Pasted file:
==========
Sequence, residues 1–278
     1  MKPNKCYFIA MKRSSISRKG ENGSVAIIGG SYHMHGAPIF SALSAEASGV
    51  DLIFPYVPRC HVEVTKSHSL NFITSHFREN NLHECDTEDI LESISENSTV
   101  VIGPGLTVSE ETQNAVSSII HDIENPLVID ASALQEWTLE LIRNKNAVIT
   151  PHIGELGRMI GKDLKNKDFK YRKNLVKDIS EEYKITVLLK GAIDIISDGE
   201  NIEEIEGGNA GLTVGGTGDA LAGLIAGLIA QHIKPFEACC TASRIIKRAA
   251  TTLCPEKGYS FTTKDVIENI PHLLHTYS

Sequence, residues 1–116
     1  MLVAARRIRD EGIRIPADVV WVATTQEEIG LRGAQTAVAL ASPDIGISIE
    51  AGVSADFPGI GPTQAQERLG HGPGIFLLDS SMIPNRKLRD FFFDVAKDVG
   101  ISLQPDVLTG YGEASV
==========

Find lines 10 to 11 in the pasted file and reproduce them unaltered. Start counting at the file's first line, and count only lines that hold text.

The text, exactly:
    51  AGVSADFPGI GPTQAQERLG HGPGIFLLDS SMIPNRKLRD FFFDVAKDVG
   101  ISLQPDVLTG YGEASV